Chocolate Stuffed Almond Cookies

Chocolate Stuffed Marzipan Cookies

Chocolate Stuffed Marzipan Cookies

We just finished the coldest Macy’s Thanksgiving Day parade on record here in New York City so that means it’s now officially the holiday season and COLD. I haven’t posted in just about 2 years but something about this fall meets winter time of year gets me in the baking and sharing mood. So to break my hiatus, I’m sharing these easy yet crave-worthy super soft Chocolate Stuffed Almond Cookies.

Cookies are probably the easiest dessert to bake and share with friends, family, co-workers, neighbors, and really anyone during the holiday season. They are the classic go-to for festive baking and it seems very few people will turn down a good cookie. Even that friend that’s constantly on some new healthy diet will make an exception and at least break off a little piece of one. Then there are those of us who have a hard time stopping at 2 or 3 cookies, especially ones that contain gooey chocolate and almond paste, a taste commonly associated with Marzipan this time of year. The almond paste makes these chewy delights just festive enough to pass as holiday cookies but not so festive that you wouldn’t be able to enjoy a batch whenever you please.

Chocolate Stuffed Almond Cookies

You’re probably more accustomed to seeing marzipan in the shape of fruits or maybe occasionally stuffed in chocolate, especially in Germany or perhaps Belgium. But these Chocolate Stuffed Almond Cookies offer a fluffy chewy texture that is often lacking in plain sugary marzipan sweets. Fresh out of the oven, these have that same lovely almond flavor associated with marzipan, but a more balanced sweetness and light almost cake-like exterior that hides a gooey chocolate surprise.

Happy Cookie Baking! And Eating!

Chocolate Stuffed Almond Cookies

1 dozen

Ingredients

5 ounces almond paste
½ cup butter, softened (1 stick)
¼ cup granulated sugar
¼ cup firmly packed brown sugar
1 egg
½ teaspoon vanilla extract
1 ¼ cups all-purpose flour
½ teaspoon baking soda
3 oz of your favorite Dark Chocolate (recommended: Dove)

Instructions

Preheat the oven to 350°F. Line a baking sheet with parchment paper.

Break or chop the almond paste up into small pieces. Mix the almond paste with the butter in a large mixing bowl until combined.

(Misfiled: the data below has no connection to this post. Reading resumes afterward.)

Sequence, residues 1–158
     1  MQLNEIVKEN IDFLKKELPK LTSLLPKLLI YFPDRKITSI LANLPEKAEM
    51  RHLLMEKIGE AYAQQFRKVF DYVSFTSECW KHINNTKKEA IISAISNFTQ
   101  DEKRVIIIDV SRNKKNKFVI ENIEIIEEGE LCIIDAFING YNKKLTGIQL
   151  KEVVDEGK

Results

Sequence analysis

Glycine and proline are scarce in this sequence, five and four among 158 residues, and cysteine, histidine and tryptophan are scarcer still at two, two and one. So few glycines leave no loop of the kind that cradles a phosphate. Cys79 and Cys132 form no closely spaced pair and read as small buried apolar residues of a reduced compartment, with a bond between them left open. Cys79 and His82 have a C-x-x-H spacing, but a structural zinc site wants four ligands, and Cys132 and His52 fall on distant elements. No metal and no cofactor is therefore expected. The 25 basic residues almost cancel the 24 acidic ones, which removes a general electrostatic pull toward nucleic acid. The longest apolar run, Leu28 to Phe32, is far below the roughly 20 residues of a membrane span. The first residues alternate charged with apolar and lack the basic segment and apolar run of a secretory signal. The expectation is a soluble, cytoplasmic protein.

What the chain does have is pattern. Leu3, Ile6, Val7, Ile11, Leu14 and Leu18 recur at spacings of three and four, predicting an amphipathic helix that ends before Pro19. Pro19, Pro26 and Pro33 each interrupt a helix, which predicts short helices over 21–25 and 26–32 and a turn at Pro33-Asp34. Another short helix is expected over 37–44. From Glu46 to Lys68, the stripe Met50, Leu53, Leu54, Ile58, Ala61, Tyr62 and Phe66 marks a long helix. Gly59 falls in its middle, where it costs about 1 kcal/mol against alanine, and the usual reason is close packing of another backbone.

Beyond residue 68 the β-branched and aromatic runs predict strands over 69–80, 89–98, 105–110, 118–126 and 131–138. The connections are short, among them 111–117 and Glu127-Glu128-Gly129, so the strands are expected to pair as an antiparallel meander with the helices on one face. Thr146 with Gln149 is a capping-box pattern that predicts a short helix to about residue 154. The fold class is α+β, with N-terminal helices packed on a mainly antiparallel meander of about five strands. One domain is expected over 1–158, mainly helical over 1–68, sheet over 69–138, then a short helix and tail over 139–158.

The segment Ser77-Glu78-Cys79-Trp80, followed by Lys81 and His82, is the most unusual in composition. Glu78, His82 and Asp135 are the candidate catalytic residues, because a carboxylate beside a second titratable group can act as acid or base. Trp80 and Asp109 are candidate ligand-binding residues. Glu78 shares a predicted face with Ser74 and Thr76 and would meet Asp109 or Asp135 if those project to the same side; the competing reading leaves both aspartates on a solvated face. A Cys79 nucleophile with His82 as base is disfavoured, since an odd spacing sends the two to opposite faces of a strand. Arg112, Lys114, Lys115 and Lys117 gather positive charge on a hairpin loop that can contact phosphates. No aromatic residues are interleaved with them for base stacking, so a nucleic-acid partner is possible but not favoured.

Add sugars and mix until creamy. Add the eggs and the vanilla extract. Mix until smooth.

Whisk together the flour, baking soda, and salt in a separate bowl. Add to the butter sugar mixture and stir until just combined.

Chill 15-30 minutes. Meanwhile break the chocolate into roughly ¾-1 inch pieces.

Take a heaping spoonful of dough and flatten in the center. Place a piece of chocolate in the center of the dough ball and fold the dough over the top to completely cover the chocolate. Place onto the parchment-lined baking sheet.

Bake for 12 to 15 minutes, or until the cookies are just turning golden brown on the edges and just starting to turn golden on top but still appear soft.

Remove from the oven and let cool for a few minutes. Serve warm!

Makes about 1 dozen

Almond Chocolate Cookies

Looking for a great charity to donate to this season? Check out Cookies for Kids Cancer

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Baked Apple Snack Stacks

Baked Apple Snack Stacks

Baked Apple Snack Stacks

Every fall I try to think of fun and different Apple recipes to take advantage this awesome autumn fruit with its growing number of varieties. My grandmother has many tasty Apple dessert recipes in “The Art of Fine Baking.” I’ve been baking my way through them and posting those such as Apple Cheesecake Puff and Sauteed Apple Cake on this site. The majority of these Apple recipes are more refined desserts, fit for a crowd or dinner party. I often crave something easier, something that takes the idea of Apple pie but simplifies, making it guilt-free in the process. Well maybe not entirely guilt-free, but at least more so than a traditional Apple pie or the over-the-top (but awesomely delicious) Stuffed Baked Apples with Homemade Caramel Sauce I made last year. These sweet cinnamon baked apple snack stacks are the perfect compromise.

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Cookie Butter Molten Lava Cakes

Cookie Butter Molten Lava Cake

Cookie Butter Molten Lava Cake

If you’re not familiar with speculoos or cookie butter, you’re missing out. This growing trend started a few years ago and is now said to be one of Trader Joe’s best selling products. Some may argue that the popularity of cookie butter peaked back in 2014 but I see more of it now, especially in baked goods, than I did then. It’s a deliciously simple concept: ground spiced shortbread cookies and oil are made into a spreadable butter, similar to peanut butter or nutella. The idea seems to have come from Belgium and Biscoff was one of the first, most recognizable brands in the US. The dessert-like spread is a wonderful nut-free alternative for those with nut allergies and although it’s easy to eat by the spoonful or simply on toast, it turns out this sweet spiced cookie spread makes an amazing molten lava cake.

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Crème Brûlée

Classic Creme Brûlée

Creme Brulee